whichever doctor I choose.
Of course, if certain conservative elements here get their way, that's
going to go down the toilet. Already the meshes of the safety net are unraveling,
which is a shame. In the name of tax breaks for a wealthy few, the
not-so-wealthy majority of Canadians are already beginning to feel pain.
I am amused that U.S. doctors are now unionizing, instead of pressing for
the socialized medical system they should have been asking for all
along. Maybe they wouldn't get so rich so fast, and maybe the public
would balk a bit at the extra taxes they'd have to pay, but they are all
complaining now of the untenability of the alternative -- so why not get
on with it and nationalize health care?
-- Sabina C. Becker
Attack of the devil dolls
BY RICHARD GOLDSTEIN
So the new Tarzan doll can be put into a position where it looks like it
is masturbating. I am willing to bet that it was most likely an adult
who figured this out, not a child. I seriously doubt any young boy has
ever looked at Tinky Winky and decided, then and there, to chase boys
instead of girls. Would the people who complain about these things
rather have Jar Jar Binks voiced by Stallone and carrying a laser
bazooka? Do we need heterosexual romance on the Teletubbies to placate
the Falwells of the world?
Kids never think of these purported dangerous sexual influences until an
adult points it out to them. Please stop inflicting your own hangups on
America's children. We have enough problems already.
-- David C. Wells
As a 17-year-old who sees attempts to strip rights and privileges from the young on a daily basis, I applaud you for realizing that the eternal struggle between puritanical parents and their kids is really about power. These parents use any means they can think of -- including but not limited to brainwashing, threats, boycotts and lawsuits -- to control their kids identity, beliefs and very thoughts. That is essentially what this debate (and the debate about violence in the media, and the supposed evils of the Internet) are all about.
The true reason that the Net is feared by parents is the same as the reason China fears it -- that free access to information might allow kids to form their own ideas and opinions, instead of toeing the family (or party) line.
-- Lorenzo Panarese
The write time
BY TRACY MAYOR
I have read Jhumpa Lahiri's fiction, and I don't find
anything "exotic" about it. Lahiri is writing about experiences that many
Americans have had, though perhaps they are not the sort of Americans
who turn up in writing workshops or among the usual literary crowds of
the New Yorker (and perhaps not in Salon's readership,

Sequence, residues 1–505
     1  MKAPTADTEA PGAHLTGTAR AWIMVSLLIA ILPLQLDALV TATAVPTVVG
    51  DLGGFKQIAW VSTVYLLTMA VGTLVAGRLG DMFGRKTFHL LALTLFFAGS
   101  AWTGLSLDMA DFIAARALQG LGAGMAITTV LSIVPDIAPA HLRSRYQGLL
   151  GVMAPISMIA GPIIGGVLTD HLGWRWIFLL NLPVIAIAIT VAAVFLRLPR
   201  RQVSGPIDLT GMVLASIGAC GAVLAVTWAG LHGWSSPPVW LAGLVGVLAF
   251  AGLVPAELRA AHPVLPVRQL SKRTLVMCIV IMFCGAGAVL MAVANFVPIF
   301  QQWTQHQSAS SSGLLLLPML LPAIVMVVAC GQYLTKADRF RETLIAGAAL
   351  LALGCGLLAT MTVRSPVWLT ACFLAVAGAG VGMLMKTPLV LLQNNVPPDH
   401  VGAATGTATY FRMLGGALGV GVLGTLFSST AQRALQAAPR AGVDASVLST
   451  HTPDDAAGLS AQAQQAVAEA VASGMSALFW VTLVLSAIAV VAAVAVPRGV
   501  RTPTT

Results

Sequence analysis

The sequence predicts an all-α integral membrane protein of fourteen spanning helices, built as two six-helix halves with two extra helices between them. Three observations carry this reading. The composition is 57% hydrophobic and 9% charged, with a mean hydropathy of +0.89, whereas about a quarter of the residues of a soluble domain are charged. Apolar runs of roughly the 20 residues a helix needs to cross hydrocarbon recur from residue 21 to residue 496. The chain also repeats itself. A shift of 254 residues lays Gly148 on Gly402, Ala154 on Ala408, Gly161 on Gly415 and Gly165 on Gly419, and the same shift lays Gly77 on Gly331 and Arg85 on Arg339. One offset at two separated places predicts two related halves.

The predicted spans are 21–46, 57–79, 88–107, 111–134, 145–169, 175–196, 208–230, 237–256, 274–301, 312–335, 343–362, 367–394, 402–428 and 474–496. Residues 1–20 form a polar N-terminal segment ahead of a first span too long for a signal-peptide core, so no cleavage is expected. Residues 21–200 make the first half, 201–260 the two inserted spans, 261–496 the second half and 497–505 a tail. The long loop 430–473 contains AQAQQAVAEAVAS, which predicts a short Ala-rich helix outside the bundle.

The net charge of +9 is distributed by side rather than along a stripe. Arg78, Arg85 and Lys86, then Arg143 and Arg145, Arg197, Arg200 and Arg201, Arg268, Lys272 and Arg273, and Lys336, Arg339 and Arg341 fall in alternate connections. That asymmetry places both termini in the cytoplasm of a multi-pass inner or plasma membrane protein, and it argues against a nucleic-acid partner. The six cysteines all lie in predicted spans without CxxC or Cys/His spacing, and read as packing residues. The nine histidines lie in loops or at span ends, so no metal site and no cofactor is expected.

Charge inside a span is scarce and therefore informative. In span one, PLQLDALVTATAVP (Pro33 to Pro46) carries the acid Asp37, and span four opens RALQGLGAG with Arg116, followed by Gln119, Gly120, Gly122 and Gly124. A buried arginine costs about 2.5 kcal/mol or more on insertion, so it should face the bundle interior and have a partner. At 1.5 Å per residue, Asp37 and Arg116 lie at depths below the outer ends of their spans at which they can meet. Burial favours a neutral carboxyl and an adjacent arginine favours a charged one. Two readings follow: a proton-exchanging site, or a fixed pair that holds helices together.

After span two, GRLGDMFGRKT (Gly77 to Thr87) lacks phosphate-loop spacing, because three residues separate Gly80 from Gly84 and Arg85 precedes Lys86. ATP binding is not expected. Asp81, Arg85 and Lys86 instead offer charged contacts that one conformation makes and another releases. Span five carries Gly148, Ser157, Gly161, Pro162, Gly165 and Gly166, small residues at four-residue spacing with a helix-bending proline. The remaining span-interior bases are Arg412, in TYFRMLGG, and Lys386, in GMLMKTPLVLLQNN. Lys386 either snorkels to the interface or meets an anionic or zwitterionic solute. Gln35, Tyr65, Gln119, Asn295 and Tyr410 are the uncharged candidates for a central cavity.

either). After years of reading American fiction, I've read in Lahiri's works about experiences that echo my own. I am very proud of her accomplishment and her recognition.
So I just don't get it. Why is Tracy Mayor grousing? Fiction writing is very competitive, and in America, it's a clubby game. This year, Jhumpa Lahiri got into the club, but what
really matters is her writing from here on out. The accolades are just
a pit stop along the way. Mayor seems to be trying to cash in on the
fact that she was a former classmate of Lahiri, because Lahiri has attained
something that has thus far eluded Mayor.
By the way, the literary landscape of North America will change a lot
over the next generation. Can't we get beyond tacky phrases such as
"exotic" or "far-off continents"?
-- Vaswati R. Sinha
What joy to find a place that, finally, gives respectful attention to the
back-breaking and spirit-lifting journey that is motherhood! Thank you for printing this honest account of a writer's struggle to maintain a strong identity while diving into the selflessness of motherhood.
As a young writer who was just beginning to get published when I found myself
unexpectedly pregnant six years ago, I can really relate to Mayor's
struggles. Two children later (going on three), I have next to nothing to show in
print, but what a wealth of raw material!
-- Anjali Nelson
Brilliant careers: Arthur Mitchell
BY NANCY HAWLEY
Nice to see an article on Arthur Mitchell. Unfortunately, it got a major
fact wrong: I covered the 1997 strike for Newsday and Dance Magazine, and
the dancers were not, as the article contends, striking for better pay. They were striking for better working conditions. It was the first strike by unionized dancers ever in the United States -- and it
was particularly courageous because, unfortunately, these black ballet
dancers have little chance of getting work in other major ballet companies,
where there is still prejudice against African-Americans. These dancers
deserve better than to have their strike dismissed as ungrateful. The
strike tore them apart -- there was crying on the picket line they set up to
stop Mitchell from auditioning scabs -- precisely because they were
grateful for what Mitchell had given them, and for what he had achieved for
-- Paul Ben-Itzak
Editor and publisher
The Dance Insider